Red Water Pond Road Community Indigenous Landscape Architecture Studio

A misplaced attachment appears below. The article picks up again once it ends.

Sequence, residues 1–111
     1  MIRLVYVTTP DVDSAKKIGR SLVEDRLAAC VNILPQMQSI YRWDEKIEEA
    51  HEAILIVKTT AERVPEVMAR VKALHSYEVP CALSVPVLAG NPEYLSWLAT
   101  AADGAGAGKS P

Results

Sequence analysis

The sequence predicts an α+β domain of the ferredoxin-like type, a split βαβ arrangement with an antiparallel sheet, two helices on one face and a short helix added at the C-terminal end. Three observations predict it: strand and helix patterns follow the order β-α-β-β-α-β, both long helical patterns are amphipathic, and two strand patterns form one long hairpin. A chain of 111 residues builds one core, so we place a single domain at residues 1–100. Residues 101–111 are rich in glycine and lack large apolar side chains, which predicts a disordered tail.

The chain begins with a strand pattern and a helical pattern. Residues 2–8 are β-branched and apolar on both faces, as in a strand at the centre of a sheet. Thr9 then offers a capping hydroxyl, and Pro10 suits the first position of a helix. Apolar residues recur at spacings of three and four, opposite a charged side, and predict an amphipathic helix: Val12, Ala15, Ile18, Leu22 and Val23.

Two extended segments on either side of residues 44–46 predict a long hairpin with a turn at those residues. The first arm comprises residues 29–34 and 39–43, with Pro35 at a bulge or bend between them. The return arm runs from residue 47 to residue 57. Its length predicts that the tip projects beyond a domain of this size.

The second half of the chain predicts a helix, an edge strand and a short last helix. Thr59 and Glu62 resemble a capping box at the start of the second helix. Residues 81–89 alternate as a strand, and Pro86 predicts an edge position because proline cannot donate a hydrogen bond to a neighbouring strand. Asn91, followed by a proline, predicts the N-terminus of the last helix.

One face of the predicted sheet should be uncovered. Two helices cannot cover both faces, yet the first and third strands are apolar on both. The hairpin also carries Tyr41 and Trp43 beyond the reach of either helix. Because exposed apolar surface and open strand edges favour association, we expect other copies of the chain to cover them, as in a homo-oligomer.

The Red Water Pond Road Community has been living with uranium tailings in their midst since the 1950’s. Two large mines in the Church Rock Area stored tailings in this valley. Many of the community members worked in the mines without information about the hazards of uranium exposure, and they lived amidst the piles. Water from the mines flowed through the community on a regular basis. The valley land has been scraped and eroded through disposal and remediation efforts. Elders from the community have received land lease sites from Navajo Nation and petitioned the EPA to move the community to a neighboring mesa top, Standing Black Tree Mesa. These petitions thus far have been fruitless, as there are no utilities on the mesa and the EPA refuses to move them citing the lack of water and power. LA 503 Studio from UNM set out to create a vision of what the possibilities are on the mesa top for an off the grid community, harvesting rainwater, collecting solar power, regenerating the land and disposing of waste sustainably. This visioning was made possible by our partnership with the Indigenous Design and Planning Institute and with Civil Engineering at UNM.